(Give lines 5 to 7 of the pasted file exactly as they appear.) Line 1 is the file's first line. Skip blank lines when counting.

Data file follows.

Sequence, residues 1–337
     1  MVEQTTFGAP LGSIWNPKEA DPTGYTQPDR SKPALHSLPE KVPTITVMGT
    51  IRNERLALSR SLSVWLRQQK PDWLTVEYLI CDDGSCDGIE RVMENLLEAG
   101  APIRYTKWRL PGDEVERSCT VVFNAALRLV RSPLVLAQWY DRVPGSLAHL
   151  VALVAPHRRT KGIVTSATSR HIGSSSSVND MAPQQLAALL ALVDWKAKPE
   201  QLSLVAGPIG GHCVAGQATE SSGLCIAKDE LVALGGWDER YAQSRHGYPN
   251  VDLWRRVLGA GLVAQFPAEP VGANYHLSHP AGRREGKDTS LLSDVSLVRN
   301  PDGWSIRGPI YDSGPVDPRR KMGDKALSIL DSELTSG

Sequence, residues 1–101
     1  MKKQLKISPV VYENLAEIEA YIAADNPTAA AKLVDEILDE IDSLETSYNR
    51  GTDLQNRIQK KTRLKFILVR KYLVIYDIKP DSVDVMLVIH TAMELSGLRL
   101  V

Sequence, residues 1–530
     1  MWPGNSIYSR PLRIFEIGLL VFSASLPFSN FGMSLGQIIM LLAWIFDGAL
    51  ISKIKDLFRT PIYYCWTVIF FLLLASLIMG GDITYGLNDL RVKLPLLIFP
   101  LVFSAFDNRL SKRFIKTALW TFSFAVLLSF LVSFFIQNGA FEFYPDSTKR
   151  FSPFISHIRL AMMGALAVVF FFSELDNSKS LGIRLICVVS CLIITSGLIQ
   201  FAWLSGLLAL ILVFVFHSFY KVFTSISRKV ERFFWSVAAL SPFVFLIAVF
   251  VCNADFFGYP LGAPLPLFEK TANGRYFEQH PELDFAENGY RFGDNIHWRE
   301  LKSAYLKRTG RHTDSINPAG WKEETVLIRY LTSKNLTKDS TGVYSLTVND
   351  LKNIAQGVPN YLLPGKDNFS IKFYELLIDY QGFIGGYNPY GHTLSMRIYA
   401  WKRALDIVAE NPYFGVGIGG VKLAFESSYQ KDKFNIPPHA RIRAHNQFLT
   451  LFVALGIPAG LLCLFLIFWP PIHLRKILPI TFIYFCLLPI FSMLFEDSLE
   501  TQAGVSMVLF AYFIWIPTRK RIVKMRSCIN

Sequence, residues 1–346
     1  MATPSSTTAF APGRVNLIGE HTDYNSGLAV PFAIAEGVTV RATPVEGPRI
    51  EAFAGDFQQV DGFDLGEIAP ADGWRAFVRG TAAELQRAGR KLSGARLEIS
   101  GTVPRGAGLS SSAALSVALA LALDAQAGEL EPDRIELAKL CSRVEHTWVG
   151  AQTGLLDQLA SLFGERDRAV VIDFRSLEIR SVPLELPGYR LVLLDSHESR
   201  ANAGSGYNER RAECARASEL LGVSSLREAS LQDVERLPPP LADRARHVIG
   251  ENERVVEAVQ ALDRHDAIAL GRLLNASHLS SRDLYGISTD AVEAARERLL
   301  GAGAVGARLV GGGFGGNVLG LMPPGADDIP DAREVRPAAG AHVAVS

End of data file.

   151  VALVAPHRRT KGIVTSATSR HIGSSSSVND MAPQQLAALL ALVDWKAKPE
   201  QLSLVAGPIG GHCVAGQATE SSGLCIAKDE LVALGGWDER YAQSRHGYPN
   251  VDLWRRVLGA GLVAQFPAEP VGANYHLSHP AGRREGKDTS LLSDVSLVRN